SCOTTSDALE, Ariz. - Communication, education, strategic partnerships and outsourcing are the name of the game for the "401(k) sales champions" who took to the podium to share their expertise with attendees at the American Society of Pension Actuaries (ASPA) here.
With the winds of change swirling around the industry as Washington mulls new retirement savings vehicles, those in the business focused on current best practices for 401(k) sales.
Strategic partners and outsourcing have proven invaluable for their business' success, plan providers said. It's all about relationships, according to Steve Wilt, vice president and senior financial advisor at Merrill Lynch. At Merrill, the brokers leverage existing client relationships as points of entry to sell the companies where the clients work new 401(k) plans, or additional investment options for those plans.
Chip Morton, an investment adviser with Raymond James Financial Services of St. Petersburg, Fla., who also specializes in 401(k)s, frequently partners with brokers who have 401(k) sales leads. "I prefer to use the other million-dollar producers within my firm," he said.
Additionally, using the philosophy that time is money, Morton hires a certified public accountant to provide him with synopses of tax documents so that he can spend more time in front of his clients.
Education is a critical way to keep participants happy, the 401(k) salespeople said. "Keep it simple. There really are just a few basics," Wilt said. "Make sure you meet with the plan sponsor on a regular basis. Make sure you stay in front of the participants. Keep em both happy." Offering proof as to his success, Wilt said his business, which is half in 401(k)s and half in high-net-worth individuals, has remained steady during the bear market.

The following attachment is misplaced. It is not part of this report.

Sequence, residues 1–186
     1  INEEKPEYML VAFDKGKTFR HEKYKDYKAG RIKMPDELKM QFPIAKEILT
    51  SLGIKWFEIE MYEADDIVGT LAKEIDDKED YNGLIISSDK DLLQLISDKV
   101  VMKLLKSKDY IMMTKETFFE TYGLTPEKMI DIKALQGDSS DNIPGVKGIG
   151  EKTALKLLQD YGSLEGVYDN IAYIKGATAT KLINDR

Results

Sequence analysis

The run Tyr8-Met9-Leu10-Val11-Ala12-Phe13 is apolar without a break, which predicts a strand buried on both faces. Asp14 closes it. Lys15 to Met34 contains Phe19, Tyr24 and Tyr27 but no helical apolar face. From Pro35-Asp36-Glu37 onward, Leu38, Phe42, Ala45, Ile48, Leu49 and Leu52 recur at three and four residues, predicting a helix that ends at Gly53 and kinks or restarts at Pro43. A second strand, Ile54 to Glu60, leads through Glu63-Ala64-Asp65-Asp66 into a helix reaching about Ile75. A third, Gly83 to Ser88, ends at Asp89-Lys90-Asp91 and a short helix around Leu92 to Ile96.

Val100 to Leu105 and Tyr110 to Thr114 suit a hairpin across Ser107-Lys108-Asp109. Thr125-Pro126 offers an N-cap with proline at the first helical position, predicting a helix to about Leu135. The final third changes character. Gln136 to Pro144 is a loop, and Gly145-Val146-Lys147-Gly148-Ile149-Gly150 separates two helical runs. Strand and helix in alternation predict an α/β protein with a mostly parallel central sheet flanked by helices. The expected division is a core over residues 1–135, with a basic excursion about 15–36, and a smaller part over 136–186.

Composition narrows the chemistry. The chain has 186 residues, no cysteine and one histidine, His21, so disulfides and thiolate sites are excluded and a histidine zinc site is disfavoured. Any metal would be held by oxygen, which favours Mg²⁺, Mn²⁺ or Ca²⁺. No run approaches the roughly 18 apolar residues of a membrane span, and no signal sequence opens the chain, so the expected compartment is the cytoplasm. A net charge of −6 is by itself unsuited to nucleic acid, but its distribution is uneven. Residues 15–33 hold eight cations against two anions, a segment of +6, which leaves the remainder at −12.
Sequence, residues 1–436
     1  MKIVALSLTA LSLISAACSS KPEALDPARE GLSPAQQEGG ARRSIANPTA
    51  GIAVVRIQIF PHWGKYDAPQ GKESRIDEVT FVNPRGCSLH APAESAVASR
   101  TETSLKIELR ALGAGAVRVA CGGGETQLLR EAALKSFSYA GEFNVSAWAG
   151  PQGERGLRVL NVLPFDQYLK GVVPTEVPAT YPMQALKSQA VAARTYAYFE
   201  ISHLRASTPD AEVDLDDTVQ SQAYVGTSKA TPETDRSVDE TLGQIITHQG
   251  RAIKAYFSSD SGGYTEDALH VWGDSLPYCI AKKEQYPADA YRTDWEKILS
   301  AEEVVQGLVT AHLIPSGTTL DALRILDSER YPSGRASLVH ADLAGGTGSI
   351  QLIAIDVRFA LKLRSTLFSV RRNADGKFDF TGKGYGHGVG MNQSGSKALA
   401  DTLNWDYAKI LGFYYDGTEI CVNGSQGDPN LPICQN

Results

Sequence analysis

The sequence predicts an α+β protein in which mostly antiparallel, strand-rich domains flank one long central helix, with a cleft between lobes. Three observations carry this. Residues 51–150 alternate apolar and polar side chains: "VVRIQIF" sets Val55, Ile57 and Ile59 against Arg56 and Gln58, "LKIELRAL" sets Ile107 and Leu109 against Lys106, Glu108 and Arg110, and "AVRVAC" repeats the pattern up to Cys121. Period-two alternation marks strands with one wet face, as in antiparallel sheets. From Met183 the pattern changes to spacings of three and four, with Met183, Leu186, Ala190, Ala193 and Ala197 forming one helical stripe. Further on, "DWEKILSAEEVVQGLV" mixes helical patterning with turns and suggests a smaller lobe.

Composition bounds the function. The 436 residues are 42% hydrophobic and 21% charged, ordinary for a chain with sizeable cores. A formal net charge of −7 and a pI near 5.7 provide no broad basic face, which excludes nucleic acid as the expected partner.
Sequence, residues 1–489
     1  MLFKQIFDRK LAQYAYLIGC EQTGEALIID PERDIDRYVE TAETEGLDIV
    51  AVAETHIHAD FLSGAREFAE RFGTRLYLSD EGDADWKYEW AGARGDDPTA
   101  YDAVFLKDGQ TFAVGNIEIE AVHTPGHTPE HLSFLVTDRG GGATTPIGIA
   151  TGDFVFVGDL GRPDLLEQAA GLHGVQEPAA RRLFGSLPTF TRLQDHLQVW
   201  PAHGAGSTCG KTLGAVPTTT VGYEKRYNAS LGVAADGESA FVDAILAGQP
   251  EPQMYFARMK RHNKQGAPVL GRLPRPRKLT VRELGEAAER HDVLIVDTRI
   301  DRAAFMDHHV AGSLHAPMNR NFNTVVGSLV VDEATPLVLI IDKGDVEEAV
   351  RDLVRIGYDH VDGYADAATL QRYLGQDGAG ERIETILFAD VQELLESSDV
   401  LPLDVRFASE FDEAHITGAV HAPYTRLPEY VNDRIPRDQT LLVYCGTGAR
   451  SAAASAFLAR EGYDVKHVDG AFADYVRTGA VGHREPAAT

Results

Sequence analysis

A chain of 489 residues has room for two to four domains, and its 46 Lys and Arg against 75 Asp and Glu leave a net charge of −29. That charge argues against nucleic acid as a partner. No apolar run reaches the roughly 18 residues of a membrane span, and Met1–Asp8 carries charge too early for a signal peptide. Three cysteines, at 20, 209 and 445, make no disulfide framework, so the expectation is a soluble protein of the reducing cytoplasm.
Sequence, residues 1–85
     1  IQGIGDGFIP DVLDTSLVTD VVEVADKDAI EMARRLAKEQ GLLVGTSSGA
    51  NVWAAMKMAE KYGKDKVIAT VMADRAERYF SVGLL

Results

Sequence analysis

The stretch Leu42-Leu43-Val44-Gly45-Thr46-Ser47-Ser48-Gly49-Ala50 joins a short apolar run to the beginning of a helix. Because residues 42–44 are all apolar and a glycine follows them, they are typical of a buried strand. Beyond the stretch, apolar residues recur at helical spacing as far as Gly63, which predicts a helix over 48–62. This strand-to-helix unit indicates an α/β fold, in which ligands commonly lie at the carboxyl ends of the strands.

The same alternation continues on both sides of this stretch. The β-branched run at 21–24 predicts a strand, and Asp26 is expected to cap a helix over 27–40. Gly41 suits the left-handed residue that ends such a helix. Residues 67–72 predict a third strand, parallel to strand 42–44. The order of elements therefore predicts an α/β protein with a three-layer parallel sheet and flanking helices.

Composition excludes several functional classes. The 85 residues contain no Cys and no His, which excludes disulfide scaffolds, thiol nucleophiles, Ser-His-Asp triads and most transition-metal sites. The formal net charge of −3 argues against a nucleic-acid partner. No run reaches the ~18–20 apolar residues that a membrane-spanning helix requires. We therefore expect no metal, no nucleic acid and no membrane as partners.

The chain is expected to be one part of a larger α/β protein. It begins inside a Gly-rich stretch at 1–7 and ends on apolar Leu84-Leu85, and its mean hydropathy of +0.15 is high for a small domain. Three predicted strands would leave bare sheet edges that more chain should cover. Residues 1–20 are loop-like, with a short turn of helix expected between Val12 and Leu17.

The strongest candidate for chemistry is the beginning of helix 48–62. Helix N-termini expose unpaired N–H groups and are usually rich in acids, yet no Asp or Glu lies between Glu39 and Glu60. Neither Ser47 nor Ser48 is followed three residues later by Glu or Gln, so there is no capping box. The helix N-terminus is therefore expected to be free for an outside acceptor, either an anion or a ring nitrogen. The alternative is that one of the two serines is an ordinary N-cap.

Adding that face time is very important to building a strong relationship, Morton noted that it is important to seem approachable and to "walk the walk" of the participants in the plan.
Illustrating how he attempts to relate to every type of person who might be enrolled in a 401(k), Morton explained that he often travels to meet with factory workers in the plan, wearing jeans and plain clothes. He said he wants to make those enrolled feel like he is one of them and not some corporate type.
"There are persons in a factory [who] may not be able to read and write," he said, noting that they would most likely be turned off by a man in a suit speaking about market-related issues.
"We don't try and sell them and get individual accounts," Wilt added. "We don't try and impress them on how much we know."
All for One
The six-person Merrill 401(k) team, which has about $600 million under management, took between five and six years to build, and has been successful because it is comprised of various experts on the team, according to Wilt. Wilt identified putting the proper pieces of the team in place as one of the keys to success for the sales and maintenance of the plans, comparing a 401(k) team's functionality to that of a doctor's practice or a law firm. While every member has general knowledge of the subject matter, individual team players are equipped with specific areas of expertise.
And while it is important to get knowledgeable people into the right positions, chemistry and personality are as important as credentials. "Our team is like a family," he said, adding that the candidates are picked because of a "combination of skills and talents. Then we look for the personality traits of being family-oriented, not being greedy. There's a lot of independence in this business, and we're looking for people who want to be part of a team."
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